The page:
Marcus Rashford seeks more Change after Food Voucher U-turn by Government

Premiership footballer Marcus Rashford is keen to do more to help those most in need after his campaign to have the free school meal voucher scheme extended throughout the summer holidays prompted a government U-turn.

“This is not about politics; this is about humanity,” Rashford said. “Looking at ourselves in the mirror and feeling like we did everything we could to protect those who can’t, for whatever reason or circumstance, protect themselves. Can we not all agree that no child should be going to bed hungry?”

Rashford, a forward at Manchester United has said there are still “more steps that need to be taken” and that he was “grateful that the prime minister did change his decision”.

The campaign means that vulnerable families will be able to claim the vouchers for approximately 1.3 million children in England throughout the July and August holidays.

“I don’t want this to be the end of it because there are more steps that need to be taken and we just need to analyse the response,” Rashford said in an interview with BBC Breakfast. “People are struggling all year around so we still need to learn more about the situation people are in and how we can help them best.”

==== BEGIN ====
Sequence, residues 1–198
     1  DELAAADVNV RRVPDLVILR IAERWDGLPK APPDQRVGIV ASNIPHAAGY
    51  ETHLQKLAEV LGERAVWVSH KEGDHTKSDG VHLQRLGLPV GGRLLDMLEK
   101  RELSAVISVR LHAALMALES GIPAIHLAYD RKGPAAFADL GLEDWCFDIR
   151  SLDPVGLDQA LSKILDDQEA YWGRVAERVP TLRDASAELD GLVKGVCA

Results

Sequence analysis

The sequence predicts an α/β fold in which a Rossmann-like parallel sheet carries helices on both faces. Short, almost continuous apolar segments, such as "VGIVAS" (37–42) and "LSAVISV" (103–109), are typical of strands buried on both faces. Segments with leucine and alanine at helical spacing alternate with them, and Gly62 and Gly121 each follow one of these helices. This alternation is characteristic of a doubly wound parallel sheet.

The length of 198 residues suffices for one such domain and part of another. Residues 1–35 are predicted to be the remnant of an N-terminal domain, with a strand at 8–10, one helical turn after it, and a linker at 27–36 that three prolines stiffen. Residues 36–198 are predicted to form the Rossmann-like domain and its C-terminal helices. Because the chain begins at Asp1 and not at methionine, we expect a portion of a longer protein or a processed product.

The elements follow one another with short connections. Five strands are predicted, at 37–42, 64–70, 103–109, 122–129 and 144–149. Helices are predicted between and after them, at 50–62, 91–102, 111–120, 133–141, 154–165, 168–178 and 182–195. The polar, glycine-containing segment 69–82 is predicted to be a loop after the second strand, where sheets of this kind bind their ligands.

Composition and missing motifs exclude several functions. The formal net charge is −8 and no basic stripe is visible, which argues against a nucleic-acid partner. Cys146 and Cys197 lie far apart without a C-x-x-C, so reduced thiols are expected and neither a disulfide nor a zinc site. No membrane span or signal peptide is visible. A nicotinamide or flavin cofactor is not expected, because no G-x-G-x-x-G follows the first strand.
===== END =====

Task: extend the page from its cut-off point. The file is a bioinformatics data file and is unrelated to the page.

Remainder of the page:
The government has made £63m available to support families in need through a new local authority welfare assistance scheme, to offer activities and free meals during the summer holidays.

Downing Street has declared that all eligible children in England would benefit from a “Covid summer food fund”.  This announcement was a turnaround from the government’s decision not to extend the scheme days beforehand.

Health Secretary, Matt Hancock told the BBC it was “totally reasonable” for the government to listen to arguments and change its mind, as it had done in this case. He also praised Marcus Rashford on his “impressive” campaign.

The free meals voucher scheme in England will cost £15 a week per child, and by extending it throughout the summer holidays the costs will total around £120m.